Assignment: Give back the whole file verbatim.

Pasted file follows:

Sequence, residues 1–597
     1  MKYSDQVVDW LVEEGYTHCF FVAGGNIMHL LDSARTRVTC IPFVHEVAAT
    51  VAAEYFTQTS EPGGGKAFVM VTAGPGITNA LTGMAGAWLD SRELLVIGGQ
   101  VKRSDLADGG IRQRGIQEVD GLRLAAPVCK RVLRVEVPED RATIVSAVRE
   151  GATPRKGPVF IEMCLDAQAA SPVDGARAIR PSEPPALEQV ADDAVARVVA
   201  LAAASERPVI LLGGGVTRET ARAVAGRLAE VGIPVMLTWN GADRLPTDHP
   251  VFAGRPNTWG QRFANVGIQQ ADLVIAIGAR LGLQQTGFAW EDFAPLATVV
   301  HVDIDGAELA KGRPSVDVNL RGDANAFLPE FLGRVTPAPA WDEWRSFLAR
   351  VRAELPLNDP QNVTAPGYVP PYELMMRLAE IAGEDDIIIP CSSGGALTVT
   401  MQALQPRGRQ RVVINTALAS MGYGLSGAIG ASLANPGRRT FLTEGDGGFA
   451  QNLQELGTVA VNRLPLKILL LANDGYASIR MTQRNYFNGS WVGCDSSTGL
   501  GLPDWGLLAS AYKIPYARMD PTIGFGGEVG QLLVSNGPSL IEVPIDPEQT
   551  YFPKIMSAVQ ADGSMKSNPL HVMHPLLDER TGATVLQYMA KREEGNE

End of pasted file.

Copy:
Sequence, residues 1–597
     1  MKYSDQVVDW LVEEGYTHCF FVAGGNIMHL LDSARTRVTC IPFVHEVAAT
    51  VAAEYFTQTS EPGGGKAFVM VTAGPGITNA LTGMAGAWLD SRELLVIGGQ
   101  VKRSDLADGG IRQRGIQEVD GLRLAAPVCK RVLRVEVPED RATIVSAVRE
   151  GATPRKGPVF IEMCLDAQAA SPVDGARAIR PSEPPALEQV ADDAVARVVA
   201  LAAASERPVI LLGGGVTRET ARAVAGRLAE VGIPVMLTWN GADRLPTDHP
   251  VFAGRPNTWG QRFANVGIQQ ADLVIAIGAR LGLQQTGFAW EDFAPLATVV
   301  HVDIDGAELA KGRPSVDVNL RGDANAFLPE FLGRVTPAPA WDEWRSFLAR
   351  VRAELPLNDP QNVTAPGYVP PYELMMRLAE IAGEDDIIIP CSSGGALTVT
   401  MQALQPRGRQ RVVINTALAS MGYGLSGAIG ASLANPGRRT FLTEGDGGFA
   451  QNLQELGTVA VNRLPLKILL LANDGYASIR MTQRNYFNGS WVGCDSSTGL
   501  GLPDWGLLAS AYKIPYARMD PTIGFGGEVG QLLVSNGPSL IEVPIDPEQT
   551  YFPKIMSAVQ ADGSMKSNPL HVMHPLLDER TGATVLQYMA KREEGNE